3) What are the advantages of the VDC Subaru Outback? I'm noticing that VDC (Vehicle Dynamics Control) Outbacks seems to be commanding serious premiums on Craigslist and KBB.
    a. What advantages does this model offer?

    b. How much of a premium is it worth?

    c. Which model years was it available?

    Thanks again to all for the great advice I’ve been getting here.
  • I believe I just saw a Subaru Outback model listed with 4WD. Thought they were only AWD. For mostly highway driving and some weekend mountain road driving all season (including weekend ski areas), would AWD or 4WD be preferable? Would hardly ever be using the car off road - only at the very start of hiking/biking trails I imagine.
  • After getting the editions sorted for each year 2000-2002, and getting great recommendations from many forum members, I would only go with a 6 cylinder, and I definitely think either the LLB or Ltd 6 cylinder 2000-2002 or the VDC Ltd 6 cylinder 01-02 (VDC apparently wasn't available in 00).

    Wanted to ask:

    1) What do people like about the LLB edition over the Ltd edition for 2000-2002?

    2) Do you prefer the LLB 2000-2002 to the VDC Ltd edition 2001-2002?

    3) I realize the VDC for these years commands a premium. Is it worth it?

    4) If price were no limitation, would you go for the 2001-2002 VDC Ltd over the LLB and Ltd editions?

    5) Does getting the LLB mean paying a premium just for the LL Bean name?

    In the last day I've narrowed my choices to these model years and editions, and Edmunds has been a HUGE help. Thanks everyone for the great advice and information.
  • ateixeiraateixeira Posts: 72,587
    The new head gaskets came as a running change in MY2002. So a late 2002 model should be OK. 2003 and later also, of course.

    The VDC model was the H6 so it has more power (212hp vs. 165hp) and stability/traction control. I'm sure it will cost more and premium fuel is recommended for the H6.

    2005 the new model arrived. For those the prices will be higher, of course.

    A 2003-2004 should hit the sweet spot, 2005 if you can afford it.

    They are all AWD. Should be fine for the conditions you describe.

    I'm selling a 2002 Legacy L MT5 (non-Outback) but frankly your requirements are a bit unrealistic, so I would look for less demanding buyers, and mine's still under a Subaru Gold warranty!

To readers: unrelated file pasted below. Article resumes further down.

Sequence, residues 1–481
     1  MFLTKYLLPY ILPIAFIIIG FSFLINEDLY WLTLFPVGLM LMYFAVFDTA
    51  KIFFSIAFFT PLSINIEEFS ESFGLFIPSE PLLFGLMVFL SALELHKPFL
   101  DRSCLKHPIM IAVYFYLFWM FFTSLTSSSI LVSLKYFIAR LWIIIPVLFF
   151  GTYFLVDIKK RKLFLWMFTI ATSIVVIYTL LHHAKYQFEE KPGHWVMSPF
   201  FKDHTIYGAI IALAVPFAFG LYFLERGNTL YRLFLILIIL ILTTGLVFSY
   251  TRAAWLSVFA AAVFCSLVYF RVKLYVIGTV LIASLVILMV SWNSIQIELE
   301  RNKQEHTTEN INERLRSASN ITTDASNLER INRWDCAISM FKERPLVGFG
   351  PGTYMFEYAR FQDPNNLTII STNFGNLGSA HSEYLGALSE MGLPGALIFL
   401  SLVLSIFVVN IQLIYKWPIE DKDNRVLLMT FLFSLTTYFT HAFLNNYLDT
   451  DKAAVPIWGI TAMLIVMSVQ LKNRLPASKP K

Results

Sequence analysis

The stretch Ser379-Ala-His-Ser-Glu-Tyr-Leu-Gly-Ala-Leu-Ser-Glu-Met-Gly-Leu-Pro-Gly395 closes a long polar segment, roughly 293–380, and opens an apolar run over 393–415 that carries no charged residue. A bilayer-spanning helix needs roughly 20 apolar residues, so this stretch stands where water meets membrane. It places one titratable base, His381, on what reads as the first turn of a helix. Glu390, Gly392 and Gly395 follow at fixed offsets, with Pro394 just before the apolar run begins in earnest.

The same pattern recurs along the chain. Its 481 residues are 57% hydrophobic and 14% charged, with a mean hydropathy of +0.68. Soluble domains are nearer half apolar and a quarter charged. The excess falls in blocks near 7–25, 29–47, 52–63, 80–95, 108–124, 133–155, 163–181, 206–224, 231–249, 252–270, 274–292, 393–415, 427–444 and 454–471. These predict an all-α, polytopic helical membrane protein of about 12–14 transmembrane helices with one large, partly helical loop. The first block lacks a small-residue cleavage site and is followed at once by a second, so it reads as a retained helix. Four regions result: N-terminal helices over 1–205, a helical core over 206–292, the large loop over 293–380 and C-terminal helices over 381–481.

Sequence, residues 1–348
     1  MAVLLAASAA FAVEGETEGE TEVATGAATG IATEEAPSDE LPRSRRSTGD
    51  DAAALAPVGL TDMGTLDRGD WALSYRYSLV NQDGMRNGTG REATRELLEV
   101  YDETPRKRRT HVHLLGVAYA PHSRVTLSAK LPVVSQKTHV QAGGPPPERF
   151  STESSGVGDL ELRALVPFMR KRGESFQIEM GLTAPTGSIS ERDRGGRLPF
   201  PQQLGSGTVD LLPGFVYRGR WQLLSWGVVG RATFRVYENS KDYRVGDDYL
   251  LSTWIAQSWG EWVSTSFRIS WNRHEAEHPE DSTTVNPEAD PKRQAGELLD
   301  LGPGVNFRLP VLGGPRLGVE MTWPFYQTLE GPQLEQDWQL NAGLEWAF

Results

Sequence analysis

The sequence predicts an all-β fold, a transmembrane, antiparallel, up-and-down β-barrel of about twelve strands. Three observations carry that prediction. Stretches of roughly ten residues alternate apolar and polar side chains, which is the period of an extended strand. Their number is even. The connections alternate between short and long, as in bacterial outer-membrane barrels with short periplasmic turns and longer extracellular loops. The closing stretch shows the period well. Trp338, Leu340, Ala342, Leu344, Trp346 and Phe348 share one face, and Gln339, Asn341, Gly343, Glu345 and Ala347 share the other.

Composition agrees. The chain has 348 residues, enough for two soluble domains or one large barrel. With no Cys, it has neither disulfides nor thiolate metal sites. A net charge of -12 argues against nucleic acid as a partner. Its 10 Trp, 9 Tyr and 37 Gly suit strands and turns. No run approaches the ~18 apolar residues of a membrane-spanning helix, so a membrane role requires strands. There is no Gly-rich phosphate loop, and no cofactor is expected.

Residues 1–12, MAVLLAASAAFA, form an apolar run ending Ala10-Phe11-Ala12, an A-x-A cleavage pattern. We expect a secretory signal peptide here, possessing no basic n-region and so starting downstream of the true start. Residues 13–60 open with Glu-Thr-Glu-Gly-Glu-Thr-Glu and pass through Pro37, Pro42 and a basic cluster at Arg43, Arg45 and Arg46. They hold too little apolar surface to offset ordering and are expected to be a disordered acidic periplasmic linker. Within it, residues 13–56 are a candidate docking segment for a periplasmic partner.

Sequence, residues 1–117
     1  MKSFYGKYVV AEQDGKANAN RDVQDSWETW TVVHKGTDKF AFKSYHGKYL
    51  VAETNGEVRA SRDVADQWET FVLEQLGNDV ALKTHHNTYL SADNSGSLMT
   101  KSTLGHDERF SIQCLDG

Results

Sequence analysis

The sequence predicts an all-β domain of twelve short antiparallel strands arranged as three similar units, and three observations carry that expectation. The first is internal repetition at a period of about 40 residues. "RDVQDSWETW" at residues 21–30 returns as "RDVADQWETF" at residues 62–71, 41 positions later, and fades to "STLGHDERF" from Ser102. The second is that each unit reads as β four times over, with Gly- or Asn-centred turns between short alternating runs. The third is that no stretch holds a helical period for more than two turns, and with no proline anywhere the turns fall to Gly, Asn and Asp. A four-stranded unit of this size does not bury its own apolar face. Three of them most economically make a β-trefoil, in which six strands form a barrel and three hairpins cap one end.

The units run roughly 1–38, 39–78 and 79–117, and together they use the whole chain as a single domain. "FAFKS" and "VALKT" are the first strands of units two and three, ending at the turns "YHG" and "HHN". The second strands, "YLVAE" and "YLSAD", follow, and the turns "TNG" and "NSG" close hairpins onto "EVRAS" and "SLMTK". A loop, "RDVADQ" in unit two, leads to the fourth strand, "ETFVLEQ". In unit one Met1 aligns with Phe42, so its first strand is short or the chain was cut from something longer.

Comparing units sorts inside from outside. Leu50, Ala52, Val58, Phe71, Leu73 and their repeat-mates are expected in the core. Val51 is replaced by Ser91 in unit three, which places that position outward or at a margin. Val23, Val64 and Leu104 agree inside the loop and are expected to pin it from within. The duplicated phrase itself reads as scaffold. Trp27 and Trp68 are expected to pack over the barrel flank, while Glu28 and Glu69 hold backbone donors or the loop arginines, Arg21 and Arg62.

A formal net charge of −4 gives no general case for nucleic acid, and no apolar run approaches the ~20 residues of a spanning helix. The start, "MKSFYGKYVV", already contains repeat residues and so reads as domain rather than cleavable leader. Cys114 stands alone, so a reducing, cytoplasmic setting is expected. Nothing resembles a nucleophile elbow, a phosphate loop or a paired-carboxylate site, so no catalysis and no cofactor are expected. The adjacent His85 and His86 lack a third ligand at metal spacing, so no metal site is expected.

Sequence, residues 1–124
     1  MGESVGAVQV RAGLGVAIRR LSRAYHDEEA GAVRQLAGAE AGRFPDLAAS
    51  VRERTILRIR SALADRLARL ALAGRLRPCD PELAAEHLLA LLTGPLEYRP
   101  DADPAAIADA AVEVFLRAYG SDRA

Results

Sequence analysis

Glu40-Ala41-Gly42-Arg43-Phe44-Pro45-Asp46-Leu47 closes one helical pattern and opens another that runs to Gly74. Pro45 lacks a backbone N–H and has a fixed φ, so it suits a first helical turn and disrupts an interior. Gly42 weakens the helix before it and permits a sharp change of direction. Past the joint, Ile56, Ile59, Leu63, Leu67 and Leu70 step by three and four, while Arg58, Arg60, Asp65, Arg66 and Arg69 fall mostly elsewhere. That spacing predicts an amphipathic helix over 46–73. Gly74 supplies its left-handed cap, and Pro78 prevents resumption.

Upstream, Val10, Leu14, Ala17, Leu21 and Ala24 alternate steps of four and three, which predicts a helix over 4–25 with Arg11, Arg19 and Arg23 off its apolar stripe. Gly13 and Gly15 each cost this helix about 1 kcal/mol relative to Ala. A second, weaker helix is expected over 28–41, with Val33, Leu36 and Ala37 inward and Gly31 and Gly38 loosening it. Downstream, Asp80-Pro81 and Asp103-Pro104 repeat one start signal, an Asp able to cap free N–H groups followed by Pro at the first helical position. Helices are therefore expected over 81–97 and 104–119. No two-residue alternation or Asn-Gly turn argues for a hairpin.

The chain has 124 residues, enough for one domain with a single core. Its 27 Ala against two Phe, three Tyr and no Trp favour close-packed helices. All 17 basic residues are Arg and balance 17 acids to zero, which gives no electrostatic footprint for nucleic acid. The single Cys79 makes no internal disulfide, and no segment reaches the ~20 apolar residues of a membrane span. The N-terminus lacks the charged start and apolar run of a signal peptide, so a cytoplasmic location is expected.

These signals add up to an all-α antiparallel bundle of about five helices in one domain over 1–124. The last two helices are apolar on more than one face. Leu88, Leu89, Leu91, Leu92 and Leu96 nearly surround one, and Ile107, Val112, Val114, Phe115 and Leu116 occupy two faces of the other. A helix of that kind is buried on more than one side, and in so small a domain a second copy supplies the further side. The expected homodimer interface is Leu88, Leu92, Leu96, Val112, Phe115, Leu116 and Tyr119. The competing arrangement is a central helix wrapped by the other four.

You may want to ease up on some of those, FWIW.
  • Thanks for the advice. Where have I posted requirements that are unrealistic? I'm only looking for a used Subaru Outback H6 VDC or LL Bean in good condition that has had a good service record and checks out well in inspection. Can you explain what's unrealistic about that?
  • ateixeiraateixeira Posts: 72,587
    I was referring to having 2 inspections, especially given you're not in the area.

    As a seller, I'm willing to get my vehicle MD inspected, VA inspected, or DC inspected, so they can be registered in any one of those jurisdictions.

    2 inspections seem like a bit much to me.
  • Think you misunderstood, I wasn't referring to 2 city municipal or state inspections, but two 2 mechanical inspections (by a garage and by another expert or garage). That is not at all excessive for buying a car remotely.
  • ateixeiraateixeira Posts: 72,587
    As a seller, that's more than I'd be willing to do.

    I'd do one state inspection, to make sure it passes and the buyer could register it.

    If they wanted a mechanic to look at it I guess I'd be OK with it, but I'd let them make all the arrangements.

    Have you found any with some warranty left? Or maybe CPO?
  • Right, I'm talking about having a mechanic inspect the car carefully. Anyone who buys the car without a thorough mechanical inspection is really asking for trouble. A simple state or city inspection for registration doesn't even begin to cover all the potential problems. Only one with warranty left, and it is a way overpriced dealer model and they don't have any history (run from that one).
  • ateixeiraateixeira Posts: 72,587
    Gotcha. A simple compression test will tell you if the head gaskets are sealing properly.
  • Did the compression test on the first car I had inspected and fyi even though it passed the compression test, had head gasket, oil pump and other leaks. It's VERY important to thoroughly (as in a 2-3 hr check) inspect any used car.
  • jeffmcjeffmc Posts: 1,742
    Looking at a '99 Legacy L 30th Anniv. Wagon, automatic, 160k miles, as an extra knockabout vehicle for now. Could serve a couple years as a daily commuter, 40 miles RT, mostly open rural/suburban highway. I'm specifically avoiding the early 2.5L engines, so don't want an Outback or a newer Legacy. '99 was the first year of the Phase II 2.2L. I like the HP/torque bump, and the tranny is supposedly smoother-shifting. Is this as bulletproof as the Phase I 2.2? Anything to be wary of? I'd expect the Phase I to go at least to 250k miles with regular maintenance... can a Phase II do it just as well?

    Good condition, clean, 160k miles, auto, nice winestone (burgundy) color. 30th Anniv pkg adds to the L model's standard goodies: power moonroof, height adjustable driver's seat, roof rack, alloy wheels, power antenna, color coordinated door handles and bodyside moldings. Oh, and of course a 30th Anniv. badge. :D I'd like to get it for $4k-ish. Thoughts on the vehicle for the price?
    imageSee more Car Pictures at CarSpace.com